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SKALICA WINE CELLAR HOSTS SDK OFFICIALS

Dzurinda sets sights on Premier's job

The top brass of the largest opposition party, the SDK coalition, took time out of their hectic campaign schedules to drop in at a small wine cellar on September 4. The thirsty deputies drank burčiak, a typical sweet Slovak wine, and steeled themselves for a late afternoon rally in the western Slovak town of Skalica
During the informal meeting, SDK leader Mikuláš Dzurinda spoke of his goal to become the next Slovak premier.
"I have never considered my personal interests to be the most important, but if SDK wins, I will certainly apply for this position," Dzurinda said to a journalist from the leading German weekly newsmagazine Der Spiegel.


Post-rally drinks. SDK leader Mikuláš Dzurinda shares a glass of cheer with wife Eva.
Daniela Rážová

The top brass of the largest opposition party, the SDK coalition, took time out of their hectic campaign schedules to drop in at a small wine cellar on September 4. The thirsty deputies drank burčiak, a typical sweet Slovak wine, and steeled themselves for a late afternoon rally in the western Slovak town of Skalica

During the informal meeting, SDK leader Mikuláš Dzurinda spoke of his goal to become the next Slovak premier.

"I have never considered my personal interests to be the most important, but if SDK wins, I will certainly apply for this position," Dzurinda said to a journalist from the leading German weekly newsmagazine Der Spiegel.

But beyond Dzurinda's brief acknowledgement of his political ambitions, the wine cellar meeting was a flop. The SDK leader arrived 90 minutes late for his scheduled rendezvous with journalists, leaving his guests and his nervous regional organizer sweating in the close atmosphere of the cellar.

And until Dzurinda breezed in with his two body guards and the two Spiegel correspondents in tow, there were precisely two journalists in the cellar - the two Slovak Spectator reporters who had faithfully shown up to interview the SDK boss.

"There are so few people here, it's not even worth playing," said Jaroslav Riha, leader of the three-piece band and an SDK candidate. Riha is the Skalica region SDK organizer, and when his two guests first arrived had been wreathed in smiles and confidence. "We want to welcome our top representatives and show the way this region treats them," Riha said.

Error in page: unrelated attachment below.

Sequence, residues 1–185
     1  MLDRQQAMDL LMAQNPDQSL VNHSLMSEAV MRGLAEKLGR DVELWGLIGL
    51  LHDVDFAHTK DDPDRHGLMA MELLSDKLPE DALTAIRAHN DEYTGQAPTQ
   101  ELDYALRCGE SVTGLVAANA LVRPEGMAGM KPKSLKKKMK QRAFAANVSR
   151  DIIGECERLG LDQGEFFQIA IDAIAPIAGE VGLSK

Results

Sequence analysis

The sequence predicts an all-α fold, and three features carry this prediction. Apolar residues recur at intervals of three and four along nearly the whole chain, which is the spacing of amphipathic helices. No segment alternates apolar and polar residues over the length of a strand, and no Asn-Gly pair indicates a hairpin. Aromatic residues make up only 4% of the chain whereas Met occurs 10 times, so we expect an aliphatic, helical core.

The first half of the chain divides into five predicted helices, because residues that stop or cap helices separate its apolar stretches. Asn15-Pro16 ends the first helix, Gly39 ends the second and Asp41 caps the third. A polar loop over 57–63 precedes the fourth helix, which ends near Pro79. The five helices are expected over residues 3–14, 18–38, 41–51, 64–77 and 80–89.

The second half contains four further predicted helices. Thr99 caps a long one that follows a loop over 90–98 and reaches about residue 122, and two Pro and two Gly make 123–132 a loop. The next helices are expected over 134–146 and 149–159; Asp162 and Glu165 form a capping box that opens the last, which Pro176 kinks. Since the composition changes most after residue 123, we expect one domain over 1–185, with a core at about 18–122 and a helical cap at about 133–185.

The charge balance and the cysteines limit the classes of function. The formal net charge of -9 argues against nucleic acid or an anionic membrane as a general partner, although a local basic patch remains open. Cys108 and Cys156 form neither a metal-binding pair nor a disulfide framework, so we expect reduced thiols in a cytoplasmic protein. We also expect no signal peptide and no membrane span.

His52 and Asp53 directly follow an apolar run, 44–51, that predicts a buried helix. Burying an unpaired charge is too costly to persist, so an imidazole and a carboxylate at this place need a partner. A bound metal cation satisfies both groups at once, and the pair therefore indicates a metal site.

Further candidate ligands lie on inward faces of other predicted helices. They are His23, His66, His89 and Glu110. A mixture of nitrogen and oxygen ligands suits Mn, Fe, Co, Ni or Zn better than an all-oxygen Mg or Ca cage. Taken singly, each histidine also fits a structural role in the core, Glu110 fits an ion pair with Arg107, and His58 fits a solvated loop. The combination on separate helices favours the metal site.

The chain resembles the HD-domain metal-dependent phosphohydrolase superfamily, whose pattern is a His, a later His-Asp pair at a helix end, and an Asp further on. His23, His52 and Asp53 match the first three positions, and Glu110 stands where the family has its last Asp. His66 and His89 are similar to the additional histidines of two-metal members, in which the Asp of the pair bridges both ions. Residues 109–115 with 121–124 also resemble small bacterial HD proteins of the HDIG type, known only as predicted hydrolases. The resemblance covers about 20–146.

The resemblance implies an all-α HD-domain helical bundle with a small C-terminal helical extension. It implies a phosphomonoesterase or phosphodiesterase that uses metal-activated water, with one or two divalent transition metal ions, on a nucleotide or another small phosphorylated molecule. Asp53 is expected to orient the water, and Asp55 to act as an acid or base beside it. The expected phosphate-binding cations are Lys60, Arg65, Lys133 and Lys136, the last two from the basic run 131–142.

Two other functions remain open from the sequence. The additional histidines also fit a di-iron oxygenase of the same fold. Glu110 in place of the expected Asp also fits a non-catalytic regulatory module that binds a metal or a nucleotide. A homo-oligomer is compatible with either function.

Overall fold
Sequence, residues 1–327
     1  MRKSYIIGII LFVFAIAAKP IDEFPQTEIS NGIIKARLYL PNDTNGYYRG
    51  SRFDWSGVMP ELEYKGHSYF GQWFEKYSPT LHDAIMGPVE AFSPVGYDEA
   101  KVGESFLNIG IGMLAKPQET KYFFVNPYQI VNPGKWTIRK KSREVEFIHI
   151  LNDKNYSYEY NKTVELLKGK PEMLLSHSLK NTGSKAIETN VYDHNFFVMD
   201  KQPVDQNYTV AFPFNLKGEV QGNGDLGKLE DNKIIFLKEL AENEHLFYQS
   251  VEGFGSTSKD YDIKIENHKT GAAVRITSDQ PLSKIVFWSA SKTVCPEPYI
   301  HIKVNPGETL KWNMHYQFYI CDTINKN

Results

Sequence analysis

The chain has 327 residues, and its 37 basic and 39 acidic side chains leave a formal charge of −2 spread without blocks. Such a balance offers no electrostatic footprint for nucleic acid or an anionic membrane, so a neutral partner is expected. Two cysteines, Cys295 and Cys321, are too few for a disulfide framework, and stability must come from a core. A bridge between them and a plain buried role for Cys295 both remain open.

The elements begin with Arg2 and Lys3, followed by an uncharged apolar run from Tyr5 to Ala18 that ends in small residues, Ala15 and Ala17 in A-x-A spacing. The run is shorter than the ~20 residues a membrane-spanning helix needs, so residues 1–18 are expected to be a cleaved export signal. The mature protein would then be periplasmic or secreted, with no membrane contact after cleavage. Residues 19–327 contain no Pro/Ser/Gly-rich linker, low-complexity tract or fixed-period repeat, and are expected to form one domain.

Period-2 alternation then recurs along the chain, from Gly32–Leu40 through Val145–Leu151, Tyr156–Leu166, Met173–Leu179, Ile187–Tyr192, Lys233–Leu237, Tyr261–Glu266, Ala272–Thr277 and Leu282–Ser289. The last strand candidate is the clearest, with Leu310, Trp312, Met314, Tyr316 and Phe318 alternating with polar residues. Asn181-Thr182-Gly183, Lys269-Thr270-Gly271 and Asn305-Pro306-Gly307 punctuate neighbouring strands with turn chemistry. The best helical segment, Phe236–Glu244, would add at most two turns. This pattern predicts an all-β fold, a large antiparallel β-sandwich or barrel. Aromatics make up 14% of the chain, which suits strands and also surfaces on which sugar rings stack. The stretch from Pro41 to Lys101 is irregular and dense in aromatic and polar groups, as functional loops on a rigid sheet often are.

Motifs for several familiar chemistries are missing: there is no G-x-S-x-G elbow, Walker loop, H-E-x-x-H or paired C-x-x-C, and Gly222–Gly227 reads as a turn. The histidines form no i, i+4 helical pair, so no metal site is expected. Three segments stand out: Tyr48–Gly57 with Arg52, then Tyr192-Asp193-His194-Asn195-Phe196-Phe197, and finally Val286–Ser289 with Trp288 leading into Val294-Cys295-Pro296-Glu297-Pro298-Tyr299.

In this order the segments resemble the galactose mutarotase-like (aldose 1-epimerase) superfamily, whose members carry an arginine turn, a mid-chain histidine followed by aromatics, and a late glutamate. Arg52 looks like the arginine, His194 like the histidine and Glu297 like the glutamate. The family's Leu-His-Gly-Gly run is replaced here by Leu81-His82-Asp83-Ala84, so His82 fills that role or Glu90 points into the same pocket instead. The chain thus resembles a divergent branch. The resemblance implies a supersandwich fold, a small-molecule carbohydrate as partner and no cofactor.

Riha explained that the band, which was made up of three regional SDK representatives, had never played together before. "It only took us half an hour to tune our instruments," he marvelled.

After an hour of lonely song and drink, Dzurinda walked in for a 15 minute visit. Andrzej Rybak, the Spiegel correspondent, spent almost the entire time quizzing Dzurinda privately, and later said that he was cautiously optimistic about the SDK leader's chances. "The problem of Dzurinda, especially in foreign countries, is that he is not such a well-known personality as Mečiar," said Rybak. "But he has already travelled to the United States and Germany, which indicates that the path he has chosen is the right one."

Dzurinda was also accompanied by Slovakia's most famous photographer, Karol Kálay, who is known throughout the world photo community.

Kálay said that no special significance should be attached to his covering Dzurinda. "I am here just as a Der Spiegel photographer, and I am accompanying Mr. Rybak, who is covering the whole campaign, not only the SDK," said Kálay at first, but then added the opinion that Dzurinda was "not one of the dishonest and conceited people who do not want to leave the game even when the team they coach is losing."

And then it was time for the SDK rally on Skalica's main square, where the party attracted some 1,500 people (Skalica has a population of 15,000). After 30 minutes of sloganeering, Dzurinda and roughly 10 of his SDK colleagues returned to the wine cellar for another unofficial chat.

The extra SDK drinkers made up in spirit for the lack of journalists. A drinking game, in which people had to quaff burčiak when the month in which they were born was called out, warmed up the atmosphere. Eva Dzurindová, the SDK leader's wife who is following her husband's steps on the campaign trail, said she was surprised how spontaneous the people of Skalica were. "This gives us a kind of impetus for the next part of campaign," she added.

Slovak entertainer and political satirist Rasťo Piško, who is a speaker at SDK rallies around the country, admitted to a fondness for burčiak as well. Asked if he thought his input would help the SDK win, he paused for a moment. "You know, that's such a basic question, but nobody has asked me it before."

Sipping his drink, Piško said that "I count on my popularity and the trust that people have in me. Certainly, there are some who hate me, but I know the majority of Slovaks like me and believe me. That's why I know my presence on stage will help SDK to win the election fight."

On the way out of the cellar, en route to another rally in Senica later that same evening, SDK economic expert Viliam Vaškovič was asked for a ride by SDK press officer Pavol Prikril. Vaškovič, who was about to take a young female photographer to the meeting, looked at his companion in mock exasperation. "You see? This is the kind of guy I have to take around in my car," he joked.

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